Forrest, who is used to hybrid classes, thinks that could be a solution to some classes in the fall.

“I’ve had hybrid classes before and I think the university has to give options because not everyone is going to succeed with straight online courses,” Forrest said. “The university needs to leave that up to the student who knows how they learn best.”

Forrest also believes the guidelines for the fall semester were sent out too early.

“I think the response was sent out too early because we still have over three months till the school year starts,” Forrest said. “The school sent out things a little hesitantly and if another major university decides they are not returning to campus then Kent might follow suit.”

Forrest then expressed more of his concerns about returning and how campus would be different. He said he’s not seriously worried in this situation, but hopes there are options and resources available to students who need them.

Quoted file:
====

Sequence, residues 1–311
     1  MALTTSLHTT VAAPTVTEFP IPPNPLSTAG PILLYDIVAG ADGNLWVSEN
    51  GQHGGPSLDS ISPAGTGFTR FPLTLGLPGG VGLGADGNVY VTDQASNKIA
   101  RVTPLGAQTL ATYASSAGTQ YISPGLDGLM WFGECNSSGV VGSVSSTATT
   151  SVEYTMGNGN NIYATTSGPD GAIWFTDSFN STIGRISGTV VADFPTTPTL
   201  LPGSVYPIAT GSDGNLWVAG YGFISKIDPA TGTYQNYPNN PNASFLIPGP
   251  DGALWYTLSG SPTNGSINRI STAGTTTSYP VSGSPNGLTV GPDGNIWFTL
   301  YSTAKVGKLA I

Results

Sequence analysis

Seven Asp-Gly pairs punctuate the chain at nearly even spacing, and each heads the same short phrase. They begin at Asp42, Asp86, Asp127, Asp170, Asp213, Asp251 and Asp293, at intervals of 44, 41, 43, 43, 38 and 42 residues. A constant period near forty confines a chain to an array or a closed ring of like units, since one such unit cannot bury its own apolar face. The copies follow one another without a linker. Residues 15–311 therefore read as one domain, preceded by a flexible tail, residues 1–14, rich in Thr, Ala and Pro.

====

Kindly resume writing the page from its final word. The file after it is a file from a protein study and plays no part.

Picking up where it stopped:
“If we do go back in the fall, I hope the students who have anxiety, or who have actual physical illnesses are able to have the opportunity to stay home or do what is best for them, so they don’t have to feel worried or go through anything that might be an inconvenience for their work,” he said.

Joshua Devera, a freshman digital media production major, also thinks the university released the announcement about the fall semester too soon and is also concerned about what the situation in residence halls will be. 

"I don’t necessarily disagree with the university’s plan, but I think we are too far out from knowing if any plan put forward at this time will be safe enough for students and staff members, especially for residence hall situations," Devera said.